Interview – Clare Woodcraft

Over the past six months, Emirates Foundation has been undergoing some fundamental changes. With its new venture philanthropy business model, the foundation aims to try to make a real difference for young people in the UAE where issues such as unemployment and underemployment are increasingly of concern, chief executive Clare Woodcraft tells Caroline Hartnell.

In 2011, we did a strategic review, the upshot of which was a decision to focus on one issue, youth development. It is one of the most critical developmental challenges for the UAE and the region. Unemployment is increasingly a concern and there are large numbers of young people who need help in making career decisions. Our role is to provide such help and to ensure that young people are engaged and active in the community.

Has this led to a change of business model?
We are phasing out our grantmaking operations and moving to a venture philanthropy model: identifying a solution to a challenge that affects young people, testing it and scaling it up. Financial literacy, for example. We are working with various organizations in the UAE that are already working in this area and trying to bring the best of that into a national programme to help young people gain financial skills and hopefully to reduce the  high level of debt among some young people.

A distinctive aspect of venture philanthropy is developing key organizations by using skills as well as finance. Will that be your approach?
We will either work with other organizations or try to bring that core business focus to our existing programmes. We currently have a successful volunteering programme, for example, which we plan to spin off into a financially viable social enterprise. This change means a fundamental shift in the skills and capacity of our team, to improve their financial and business acumen. This is quite different from the skill set needed in a traditional foundation.

We are also moving away from looking to the private sector to sponsor one-time initiatives and instead seeking to build longer-term partnerships. We will be trying to create a bridge between the private sector and young people, who often don’t know how to access opportunities in the private sector. In turn, the private sector needs skilled employees but often doesn’t know where to find them. The UAE has a developing aerospace industry, for instance, so there is a clear need for young engineers and scientists. It’s also a way of facilitating private sector investment in the community. Many companies haven’t got large in-house CSR or social investment teams. We provide a one-stop shop for this activity.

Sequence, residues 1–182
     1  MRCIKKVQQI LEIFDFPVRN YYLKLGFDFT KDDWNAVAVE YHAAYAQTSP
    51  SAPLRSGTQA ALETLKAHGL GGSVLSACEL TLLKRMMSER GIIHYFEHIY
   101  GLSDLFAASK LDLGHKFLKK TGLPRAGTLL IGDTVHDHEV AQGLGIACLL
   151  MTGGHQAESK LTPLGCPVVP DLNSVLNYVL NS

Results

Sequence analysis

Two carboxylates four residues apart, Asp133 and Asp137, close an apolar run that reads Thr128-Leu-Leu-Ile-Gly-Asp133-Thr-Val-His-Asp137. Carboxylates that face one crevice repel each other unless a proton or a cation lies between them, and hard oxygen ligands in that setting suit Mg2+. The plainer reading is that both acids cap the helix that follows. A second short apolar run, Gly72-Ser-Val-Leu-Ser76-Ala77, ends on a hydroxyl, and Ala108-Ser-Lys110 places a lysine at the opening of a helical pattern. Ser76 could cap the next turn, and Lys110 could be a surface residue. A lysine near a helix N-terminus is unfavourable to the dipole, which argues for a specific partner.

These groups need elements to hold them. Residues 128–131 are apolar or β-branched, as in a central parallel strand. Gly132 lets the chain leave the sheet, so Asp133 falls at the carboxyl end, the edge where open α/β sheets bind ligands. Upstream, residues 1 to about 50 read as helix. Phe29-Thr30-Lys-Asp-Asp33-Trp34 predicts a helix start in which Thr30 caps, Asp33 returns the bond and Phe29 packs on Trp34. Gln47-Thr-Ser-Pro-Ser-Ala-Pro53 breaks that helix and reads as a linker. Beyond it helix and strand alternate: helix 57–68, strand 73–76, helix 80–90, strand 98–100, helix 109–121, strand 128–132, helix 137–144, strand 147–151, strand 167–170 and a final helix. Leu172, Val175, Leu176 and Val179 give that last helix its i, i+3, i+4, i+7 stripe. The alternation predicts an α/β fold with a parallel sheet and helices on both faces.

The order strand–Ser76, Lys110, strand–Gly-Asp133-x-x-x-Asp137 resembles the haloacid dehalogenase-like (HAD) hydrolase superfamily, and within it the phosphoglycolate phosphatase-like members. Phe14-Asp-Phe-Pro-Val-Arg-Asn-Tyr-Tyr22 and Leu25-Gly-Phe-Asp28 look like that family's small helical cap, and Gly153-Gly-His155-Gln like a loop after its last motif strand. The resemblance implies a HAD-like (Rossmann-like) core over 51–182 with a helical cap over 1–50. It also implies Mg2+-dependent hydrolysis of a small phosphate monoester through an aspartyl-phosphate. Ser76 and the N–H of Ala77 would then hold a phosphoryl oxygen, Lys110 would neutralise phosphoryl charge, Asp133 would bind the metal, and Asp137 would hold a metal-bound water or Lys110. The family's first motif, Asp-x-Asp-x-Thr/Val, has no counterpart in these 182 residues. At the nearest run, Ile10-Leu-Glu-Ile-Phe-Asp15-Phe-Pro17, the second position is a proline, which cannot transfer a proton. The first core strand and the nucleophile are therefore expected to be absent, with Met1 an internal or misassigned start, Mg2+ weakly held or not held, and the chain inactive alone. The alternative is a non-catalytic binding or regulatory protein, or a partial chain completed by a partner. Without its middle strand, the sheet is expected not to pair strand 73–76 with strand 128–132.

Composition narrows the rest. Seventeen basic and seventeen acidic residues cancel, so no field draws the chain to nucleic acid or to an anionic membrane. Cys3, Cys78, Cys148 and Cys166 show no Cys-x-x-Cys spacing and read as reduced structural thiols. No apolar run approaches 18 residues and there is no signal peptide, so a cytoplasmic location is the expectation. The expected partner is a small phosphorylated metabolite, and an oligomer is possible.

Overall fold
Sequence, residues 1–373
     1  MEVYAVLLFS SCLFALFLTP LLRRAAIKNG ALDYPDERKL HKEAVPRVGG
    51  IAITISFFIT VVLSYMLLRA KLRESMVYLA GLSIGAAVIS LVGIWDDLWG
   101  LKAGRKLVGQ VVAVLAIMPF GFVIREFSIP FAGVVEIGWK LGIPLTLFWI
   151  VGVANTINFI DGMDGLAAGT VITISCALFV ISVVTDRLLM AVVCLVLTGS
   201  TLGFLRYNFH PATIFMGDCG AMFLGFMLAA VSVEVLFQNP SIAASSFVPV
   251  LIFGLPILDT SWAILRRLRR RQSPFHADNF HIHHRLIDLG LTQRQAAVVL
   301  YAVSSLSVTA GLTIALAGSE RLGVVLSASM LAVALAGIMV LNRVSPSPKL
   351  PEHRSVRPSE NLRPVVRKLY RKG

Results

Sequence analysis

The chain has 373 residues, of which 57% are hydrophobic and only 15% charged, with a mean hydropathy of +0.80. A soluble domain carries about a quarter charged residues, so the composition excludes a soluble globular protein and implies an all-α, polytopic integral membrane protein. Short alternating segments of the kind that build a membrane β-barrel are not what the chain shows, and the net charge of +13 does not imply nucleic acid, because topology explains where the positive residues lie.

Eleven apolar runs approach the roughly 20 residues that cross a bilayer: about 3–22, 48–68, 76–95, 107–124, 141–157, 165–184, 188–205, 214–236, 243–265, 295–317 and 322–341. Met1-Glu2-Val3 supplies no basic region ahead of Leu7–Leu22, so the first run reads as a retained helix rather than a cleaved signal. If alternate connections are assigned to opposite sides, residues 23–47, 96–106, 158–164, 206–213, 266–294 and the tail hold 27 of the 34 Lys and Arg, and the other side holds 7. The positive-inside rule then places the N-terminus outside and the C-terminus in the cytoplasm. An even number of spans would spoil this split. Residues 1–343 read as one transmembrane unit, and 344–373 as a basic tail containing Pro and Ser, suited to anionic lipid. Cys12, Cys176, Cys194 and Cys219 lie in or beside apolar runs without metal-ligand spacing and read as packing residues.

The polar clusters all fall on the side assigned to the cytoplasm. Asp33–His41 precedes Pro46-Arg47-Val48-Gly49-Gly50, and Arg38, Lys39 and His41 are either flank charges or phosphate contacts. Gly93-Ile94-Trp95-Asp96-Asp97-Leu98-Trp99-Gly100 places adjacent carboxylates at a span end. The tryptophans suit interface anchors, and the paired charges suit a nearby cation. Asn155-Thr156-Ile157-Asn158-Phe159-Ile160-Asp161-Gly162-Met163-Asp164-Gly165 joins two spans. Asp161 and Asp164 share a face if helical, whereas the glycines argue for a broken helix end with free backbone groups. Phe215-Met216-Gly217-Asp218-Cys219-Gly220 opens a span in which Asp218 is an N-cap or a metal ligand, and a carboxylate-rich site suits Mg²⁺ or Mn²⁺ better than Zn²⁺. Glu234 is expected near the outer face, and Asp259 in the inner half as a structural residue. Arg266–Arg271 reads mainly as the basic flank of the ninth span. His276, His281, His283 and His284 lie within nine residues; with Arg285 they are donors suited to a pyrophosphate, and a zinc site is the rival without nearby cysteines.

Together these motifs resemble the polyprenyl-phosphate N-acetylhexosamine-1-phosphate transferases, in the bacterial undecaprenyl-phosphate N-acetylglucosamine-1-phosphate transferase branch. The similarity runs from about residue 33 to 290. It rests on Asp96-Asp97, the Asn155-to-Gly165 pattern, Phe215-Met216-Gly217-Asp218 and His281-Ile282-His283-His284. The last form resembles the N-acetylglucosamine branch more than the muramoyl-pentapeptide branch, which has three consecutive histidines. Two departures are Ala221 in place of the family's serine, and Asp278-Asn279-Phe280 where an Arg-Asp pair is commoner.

How different an approach is venture philanthropy in the region?
There are not many venture philanthropists. The idea of maximizing the social value, talking about social investment and impact investing, is relatively new in the Middle East, where the focus is more on what to give to rather than how to do it. But I think that will come; it’s something that the Arab Foundations Forum has been looking at.

We also hope to encourage other foundations in the region to go in a similar direction. We’ve been very open about what we’ve changed and why. We’ve said that we want to maximize our social value and we can do it better than we did in the past. We speak regularly at regional and global philanthropic forums – and there is a case study being written about us by the Gerhart Center in Egypt – in order to encourage others to look closely at impact.

What would the significance of this be for the region?

There will be an inevitable growth in philanthropic funds and everyone will have to ask how we can use them better. The Middle East is facing the same problems as elsewhere – austerity budgets and reductions in government spending – and there will be a need to rely on philanthropy more than in the past. By talking honestly about what works and what doesn’t, we can maximize scarce resources. High levels of unemployment and disengagement among young people are going to be critical challenges for the region for some time to come, and if the Middle East is not able to address them, there will be serious developmental consequences.

Does the Arab Spring give added urgency to all this change?
I think so. Government spending is being cut, economies are not growing as fast as they did, and regional philanthropists can, and want to, step up and encourage governments to see them as partners in socioeconomic development.

For more information or contact Clare Woodcraft at

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